By | art news, Mural, The Venice Art Crawl | No Comments
Photo: Chris Detrick/The Salt Lake Tribune, via Associated PressA Banksy work in Park City, Utah, in 2011.

 

It may be time for Banksy, the anonymous British graffiti artist, to consider television. A sitcom, perhaps, or a detective show, or maybe reality TV. His politically pointed satirical stencil works seem to be everywhere in Britain and the United States, after all, and things are always happening to them.

banksy

Banksy graffiti

When they appear, their social message is quickly decoded and discussed, and if the authorities do not immediately paint over them, the works seem likely to disappear under mysterious circumstances, only to turn up at auctions (which may be challenged by the neighborhoods where Banksy created the works, or people who object on other grounds), or bought by celebrity art collectors. Justin Bieber could make a guest appearance as a Banksy wannabe.

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Banksy graffiti

In this week’s episode, a pair of Banksy pieces that turned up in Park City, Utah, during the Sundance Film Festival in 2010 – the year the festival screened “Exit Through the Gift Shop,” a documentary about the artist – were attacked by a vandal.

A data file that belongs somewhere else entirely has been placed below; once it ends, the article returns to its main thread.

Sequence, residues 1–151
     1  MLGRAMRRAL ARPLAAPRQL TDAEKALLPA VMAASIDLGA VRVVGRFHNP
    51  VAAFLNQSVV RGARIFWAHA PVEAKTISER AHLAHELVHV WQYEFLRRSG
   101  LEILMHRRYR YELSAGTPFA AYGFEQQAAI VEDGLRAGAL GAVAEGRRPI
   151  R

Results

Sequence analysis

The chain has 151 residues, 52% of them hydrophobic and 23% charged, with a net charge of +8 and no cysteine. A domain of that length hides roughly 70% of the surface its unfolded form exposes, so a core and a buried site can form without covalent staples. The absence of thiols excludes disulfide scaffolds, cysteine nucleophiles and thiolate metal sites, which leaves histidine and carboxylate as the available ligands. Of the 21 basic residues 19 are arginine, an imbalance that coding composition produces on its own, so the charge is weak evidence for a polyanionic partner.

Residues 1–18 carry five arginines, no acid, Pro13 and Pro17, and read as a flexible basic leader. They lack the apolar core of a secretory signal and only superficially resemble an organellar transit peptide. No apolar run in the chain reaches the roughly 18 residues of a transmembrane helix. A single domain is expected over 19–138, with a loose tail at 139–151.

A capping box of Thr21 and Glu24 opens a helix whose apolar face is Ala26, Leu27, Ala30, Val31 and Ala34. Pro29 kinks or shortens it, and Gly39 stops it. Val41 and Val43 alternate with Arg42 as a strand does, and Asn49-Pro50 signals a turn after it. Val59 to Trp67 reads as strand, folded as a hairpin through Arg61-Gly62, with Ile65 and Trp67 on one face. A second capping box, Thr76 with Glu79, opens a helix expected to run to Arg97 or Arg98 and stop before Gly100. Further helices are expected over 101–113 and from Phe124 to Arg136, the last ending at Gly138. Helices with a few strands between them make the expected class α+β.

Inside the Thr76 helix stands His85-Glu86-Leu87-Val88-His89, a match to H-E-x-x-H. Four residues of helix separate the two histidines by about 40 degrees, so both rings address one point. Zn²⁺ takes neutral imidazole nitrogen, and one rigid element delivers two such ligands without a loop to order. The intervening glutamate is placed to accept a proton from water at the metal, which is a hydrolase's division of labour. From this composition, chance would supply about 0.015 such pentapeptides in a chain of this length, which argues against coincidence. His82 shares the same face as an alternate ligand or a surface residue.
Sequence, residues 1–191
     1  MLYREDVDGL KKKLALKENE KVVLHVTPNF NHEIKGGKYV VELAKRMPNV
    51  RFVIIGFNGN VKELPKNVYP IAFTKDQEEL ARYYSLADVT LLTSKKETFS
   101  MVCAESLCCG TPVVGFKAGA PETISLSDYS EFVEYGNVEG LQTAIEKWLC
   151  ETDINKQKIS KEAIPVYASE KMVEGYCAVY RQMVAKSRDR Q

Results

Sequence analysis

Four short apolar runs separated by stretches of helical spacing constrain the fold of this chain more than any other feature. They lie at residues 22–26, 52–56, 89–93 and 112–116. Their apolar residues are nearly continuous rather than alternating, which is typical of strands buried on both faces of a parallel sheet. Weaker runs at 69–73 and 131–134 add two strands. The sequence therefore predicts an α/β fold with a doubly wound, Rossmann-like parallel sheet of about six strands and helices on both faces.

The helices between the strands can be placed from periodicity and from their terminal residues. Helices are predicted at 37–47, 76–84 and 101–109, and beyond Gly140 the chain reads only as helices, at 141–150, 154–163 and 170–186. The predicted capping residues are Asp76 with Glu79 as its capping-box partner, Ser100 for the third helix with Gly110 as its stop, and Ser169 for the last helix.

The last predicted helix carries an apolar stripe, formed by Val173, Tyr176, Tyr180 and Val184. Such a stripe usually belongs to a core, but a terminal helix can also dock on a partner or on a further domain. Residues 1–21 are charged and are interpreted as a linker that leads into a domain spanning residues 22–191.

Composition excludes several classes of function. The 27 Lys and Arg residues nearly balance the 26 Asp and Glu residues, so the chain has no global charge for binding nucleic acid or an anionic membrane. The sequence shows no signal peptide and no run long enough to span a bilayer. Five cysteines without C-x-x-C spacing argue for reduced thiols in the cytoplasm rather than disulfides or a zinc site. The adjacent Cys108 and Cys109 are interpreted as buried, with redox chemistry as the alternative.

Banksy-Graffiti-3In one case, a stencil of a young boy kneeling in prayer, with a halo and angel’s wings added in pink, a clear protective covering was shattered and the image was painted over with brown spray paint. The second piece, which shows a cameraman filming a flower, escaped damage, but its protective cover was also broken.

A security camera outside the Java Cow Cafe and Bakery recorded a man trying to break the covering of the cameraman piece at about 2 a.m. on Tuesday, The Deseret News, a Salt Lake City newspaper, reported. The angel painting, on a wall near a parking garage on the same street, was not within range of a video camera.

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Banksy graffiti

“It is such a shame, heartbreaking even,” Robin Marrouche, executive director for the Kimball Art Center in Park City, told the Deseret News. “Banksy’s voice and importance in our culture today is significant, and the vandalism against his street art is just as upsetting as vandalism you read about against works by important artists of earlier times.”

 This post was originally posted by The New York Times.

Original Post: http://nyti.ms/1axbJ1y

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Gabrielle Wooden is a writer currently residing in Southern California. Currently she is a blogger for the Venice Art Crawl and is working on her first novel entitled Blue Barcelona at UCLA’S Extension Writers Program.